I was sent an interesting paper that is a quintessential exemplar of analytic epistemology. It’s called “What’s the Swamping Problem?” (by Duncan Prichard), and was tweeted to me by a philosophy graduate student, George Shiber. I’m too tired and swamped to read the fascinating ins and outs of the story. Still, here are some thoughts off-the-top of my head that couldn’t be squeezed into a tweet. I realize I’m not explaining the problem, that’s why this is in “rejected posts”–I didn’t accept it for the main blog. (Feel free to comment. Don’t worry, absolutely no one comes here unless I direct them through the swamps.)
1.Firstly, it deals with a case where the truth of some claim is given whereas we’d rarely know this. The issue should be relevant to the more typical case. Even then, it’s important to be able to demonstrate and check why a claim is true, and be able to communicate the reasons to others. In this connection, one wants information for finding out more things and without the method you don’t get this.
- Second, the goal isn’t merely knowing isolated factoids but methods. But that reminds me that nothing is said about learning the method in the paper. There’s a huge gap here. If knowing, is understood as true belief PLUS something, then we’ve got to hear what that something is. If it’s merely reliability without explanation of the method,(as is typical in reliabilist discussions) no wonder it doesn’t add much, at least wrt that one fact. It’s hard even to see the difference, unless the reliable method is spelled out. In particular, in my account, one always wants to know how to recognize and avoid errors in ranges we don’t yet know how to probe reliably. Knowing the method should help extend knowledge into unknown territory.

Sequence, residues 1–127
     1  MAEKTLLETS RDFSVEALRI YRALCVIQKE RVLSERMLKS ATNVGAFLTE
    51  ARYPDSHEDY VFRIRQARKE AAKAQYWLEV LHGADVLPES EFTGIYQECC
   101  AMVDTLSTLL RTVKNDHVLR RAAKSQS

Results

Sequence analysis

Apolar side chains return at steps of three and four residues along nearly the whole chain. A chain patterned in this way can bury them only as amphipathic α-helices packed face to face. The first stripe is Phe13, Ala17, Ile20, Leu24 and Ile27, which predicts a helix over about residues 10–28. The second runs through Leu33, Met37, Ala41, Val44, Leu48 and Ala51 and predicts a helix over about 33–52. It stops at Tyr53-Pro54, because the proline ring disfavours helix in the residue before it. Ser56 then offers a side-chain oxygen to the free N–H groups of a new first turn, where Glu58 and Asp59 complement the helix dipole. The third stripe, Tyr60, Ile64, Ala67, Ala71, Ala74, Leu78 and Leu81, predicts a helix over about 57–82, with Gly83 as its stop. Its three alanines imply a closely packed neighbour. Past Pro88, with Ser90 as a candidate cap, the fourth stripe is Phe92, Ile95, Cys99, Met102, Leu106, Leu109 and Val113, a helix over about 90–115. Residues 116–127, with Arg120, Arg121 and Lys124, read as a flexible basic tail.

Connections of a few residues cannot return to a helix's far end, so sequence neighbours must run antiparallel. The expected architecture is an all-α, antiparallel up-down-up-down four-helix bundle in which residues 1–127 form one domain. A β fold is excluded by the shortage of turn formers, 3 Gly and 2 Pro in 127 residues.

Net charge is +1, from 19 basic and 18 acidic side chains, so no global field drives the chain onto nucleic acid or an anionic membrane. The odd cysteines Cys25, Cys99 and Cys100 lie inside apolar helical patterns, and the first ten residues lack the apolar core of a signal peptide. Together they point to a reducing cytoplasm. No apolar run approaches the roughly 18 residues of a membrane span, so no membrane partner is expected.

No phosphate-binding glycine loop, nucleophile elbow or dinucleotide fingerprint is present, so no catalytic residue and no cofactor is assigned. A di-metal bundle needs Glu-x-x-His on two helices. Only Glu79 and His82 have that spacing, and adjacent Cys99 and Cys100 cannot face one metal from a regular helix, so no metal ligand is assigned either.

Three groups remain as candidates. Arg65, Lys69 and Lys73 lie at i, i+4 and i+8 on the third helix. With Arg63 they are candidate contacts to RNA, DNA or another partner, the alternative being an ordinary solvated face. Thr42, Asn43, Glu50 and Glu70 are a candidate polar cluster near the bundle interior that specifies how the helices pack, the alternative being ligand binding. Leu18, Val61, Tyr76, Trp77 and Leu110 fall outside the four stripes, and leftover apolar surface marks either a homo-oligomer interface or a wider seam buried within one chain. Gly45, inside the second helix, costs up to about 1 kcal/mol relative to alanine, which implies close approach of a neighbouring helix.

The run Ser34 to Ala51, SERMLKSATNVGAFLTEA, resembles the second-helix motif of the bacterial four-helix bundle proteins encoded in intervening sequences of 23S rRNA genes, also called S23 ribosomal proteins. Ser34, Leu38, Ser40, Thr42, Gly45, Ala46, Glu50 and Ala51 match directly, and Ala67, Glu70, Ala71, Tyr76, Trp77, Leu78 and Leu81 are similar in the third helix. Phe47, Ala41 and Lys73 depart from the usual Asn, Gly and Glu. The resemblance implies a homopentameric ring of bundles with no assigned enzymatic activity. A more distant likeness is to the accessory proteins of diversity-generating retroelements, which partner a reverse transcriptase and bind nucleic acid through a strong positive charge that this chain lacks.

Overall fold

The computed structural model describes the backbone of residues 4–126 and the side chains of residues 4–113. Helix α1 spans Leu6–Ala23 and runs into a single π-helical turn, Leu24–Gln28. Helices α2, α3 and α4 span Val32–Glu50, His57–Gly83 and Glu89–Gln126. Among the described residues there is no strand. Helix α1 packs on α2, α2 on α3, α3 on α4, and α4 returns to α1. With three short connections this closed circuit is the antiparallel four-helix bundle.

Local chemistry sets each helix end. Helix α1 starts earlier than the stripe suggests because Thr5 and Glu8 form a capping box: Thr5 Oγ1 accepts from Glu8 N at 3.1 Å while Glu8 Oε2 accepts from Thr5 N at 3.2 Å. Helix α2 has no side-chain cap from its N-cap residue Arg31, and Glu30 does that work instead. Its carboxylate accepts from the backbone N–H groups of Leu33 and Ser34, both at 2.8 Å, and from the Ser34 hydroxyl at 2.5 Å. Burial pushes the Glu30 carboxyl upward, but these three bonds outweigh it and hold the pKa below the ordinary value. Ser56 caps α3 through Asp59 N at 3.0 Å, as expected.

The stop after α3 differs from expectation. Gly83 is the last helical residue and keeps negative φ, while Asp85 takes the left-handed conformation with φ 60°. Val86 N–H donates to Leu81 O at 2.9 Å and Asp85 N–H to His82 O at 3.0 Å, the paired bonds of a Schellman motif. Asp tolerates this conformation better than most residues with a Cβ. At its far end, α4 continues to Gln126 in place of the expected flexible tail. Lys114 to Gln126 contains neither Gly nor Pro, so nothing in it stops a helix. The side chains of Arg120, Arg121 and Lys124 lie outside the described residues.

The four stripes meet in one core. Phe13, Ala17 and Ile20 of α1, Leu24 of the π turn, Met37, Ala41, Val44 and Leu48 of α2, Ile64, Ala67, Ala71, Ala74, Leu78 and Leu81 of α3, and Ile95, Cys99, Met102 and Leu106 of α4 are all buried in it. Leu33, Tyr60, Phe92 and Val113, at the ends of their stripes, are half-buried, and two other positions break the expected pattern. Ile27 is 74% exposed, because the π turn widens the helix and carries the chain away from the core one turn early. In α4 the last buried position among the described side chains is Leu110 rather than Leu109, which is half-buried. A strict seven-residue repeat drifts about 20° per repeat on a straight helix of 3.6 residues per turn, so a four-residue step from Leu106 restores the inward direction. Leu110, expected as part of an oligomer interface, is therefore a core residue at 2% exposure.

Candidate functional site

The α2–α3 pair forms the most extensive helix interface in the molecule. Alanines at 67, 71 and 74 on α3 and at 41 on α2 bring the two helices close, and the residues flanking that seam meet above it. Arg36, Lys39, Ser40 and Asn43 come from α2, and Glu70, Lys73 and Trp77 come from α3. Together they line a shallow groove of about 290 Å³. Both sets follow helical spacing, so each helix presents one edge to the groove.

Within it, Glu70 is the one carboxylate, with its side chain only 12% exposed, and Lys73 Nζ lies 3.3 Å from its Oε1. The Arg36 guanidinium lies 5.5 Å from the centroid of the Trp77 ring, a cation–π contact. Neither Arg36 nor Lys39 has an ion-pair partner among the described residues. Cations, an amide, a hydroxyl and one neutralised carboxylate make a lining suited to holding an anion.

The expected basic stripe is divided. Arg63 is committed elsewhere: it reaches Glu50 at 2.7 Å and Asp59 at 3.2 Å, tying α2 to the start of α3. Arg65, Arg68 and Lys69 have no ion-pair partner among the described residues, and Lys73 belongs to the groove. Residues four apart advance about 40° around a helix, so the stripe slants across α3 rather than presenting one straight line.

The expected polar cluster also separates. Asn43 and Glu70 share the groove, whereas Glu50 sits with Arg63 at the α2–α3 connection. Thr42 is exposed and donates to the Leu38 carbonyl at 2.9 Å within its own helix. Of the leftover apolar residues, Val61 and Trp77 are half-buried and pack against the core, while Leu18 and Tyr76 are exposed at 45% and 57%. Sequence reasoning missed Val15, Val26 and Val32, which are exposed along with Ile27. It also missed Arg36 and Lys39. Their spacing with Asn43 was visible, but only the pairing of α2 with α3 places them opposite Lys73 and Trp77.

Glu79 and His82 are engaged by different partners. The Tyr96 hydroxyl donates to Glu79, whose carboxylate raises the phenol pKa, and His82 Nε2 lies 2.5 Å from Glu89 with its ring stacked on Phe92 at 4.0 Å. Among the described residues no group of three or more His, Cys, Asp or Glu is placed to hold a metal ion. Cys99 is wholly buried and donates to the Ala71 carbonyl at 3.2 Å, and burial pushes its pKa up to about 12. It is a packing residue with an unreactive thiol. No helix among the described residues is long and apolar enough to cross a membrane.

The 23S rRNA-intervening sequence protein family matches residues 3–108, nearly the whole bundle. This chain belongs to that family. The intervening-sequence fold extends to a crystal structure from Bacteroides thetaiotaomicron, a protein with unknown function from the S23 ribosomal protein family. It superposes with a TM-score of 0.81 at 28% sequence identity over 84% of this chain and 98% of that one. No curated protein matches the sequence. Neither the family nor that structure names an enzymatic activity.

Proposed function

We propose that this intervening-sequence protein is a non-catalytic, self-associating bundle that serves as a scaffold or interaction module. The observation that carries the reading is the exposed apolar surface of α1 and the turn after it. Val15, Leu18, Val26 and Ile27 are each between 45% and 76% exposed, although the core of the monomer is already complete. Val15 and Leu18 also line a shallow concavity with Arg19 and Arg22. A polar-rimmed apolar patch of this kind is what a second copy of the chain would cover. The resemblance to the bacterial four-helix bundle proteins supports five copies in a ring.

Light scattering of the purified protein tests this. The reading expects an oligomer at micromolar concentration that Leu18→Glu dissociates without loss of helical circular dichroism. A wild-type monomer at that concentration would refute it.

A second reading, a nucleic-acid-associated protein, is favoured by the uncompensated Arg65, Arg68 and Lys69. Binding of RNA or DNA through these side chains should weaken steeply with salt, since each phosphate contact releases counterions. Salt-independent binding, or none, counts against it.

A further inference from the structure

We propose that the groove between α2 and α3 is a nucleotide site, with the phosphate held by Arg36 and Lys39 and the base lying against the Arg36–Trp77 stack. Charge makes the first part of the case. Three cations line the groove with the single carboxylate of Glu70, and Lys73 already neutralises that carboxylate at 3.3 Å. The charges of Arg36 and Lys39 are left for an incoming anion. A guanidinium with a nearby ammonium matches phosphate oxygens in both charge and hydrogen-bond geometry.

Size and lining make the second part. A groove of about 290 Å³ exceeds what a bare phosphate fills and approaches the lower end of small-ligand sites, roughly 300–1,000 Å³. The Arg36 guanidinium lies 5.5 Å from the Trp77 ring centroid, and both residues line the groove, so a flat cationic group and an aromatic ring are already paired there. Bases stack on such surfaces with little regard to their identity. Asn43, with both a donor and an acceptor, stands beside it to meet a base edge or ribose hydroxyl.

- We don’t want trivial truths. This is what’s wrong with standard confirmation theories, and where Popper was right. We want bold, fruitful, theories that interconnect areas in order to learn more things. I’d rather know how to spin-off fabulous coffee makers using my 3-D printer, say, then have a single good coffee now. The person who doesn’t care how a truth was arrived at is not a wise person. The issue of “understanding” comes up (one of my favorite notions), but little is said as what it amounts to.
- Also overlooked on philosophical accounts is the crucial importance of moving from unreliable claims to reliable claims (e.g., by averaging, in statistics.) . I don’t happen to think knowing merely that the method is reliable is of much use, w/o knowing why, w/o learning how specific mistakes were checked, errors are made to ramify to permit triangulation, etc.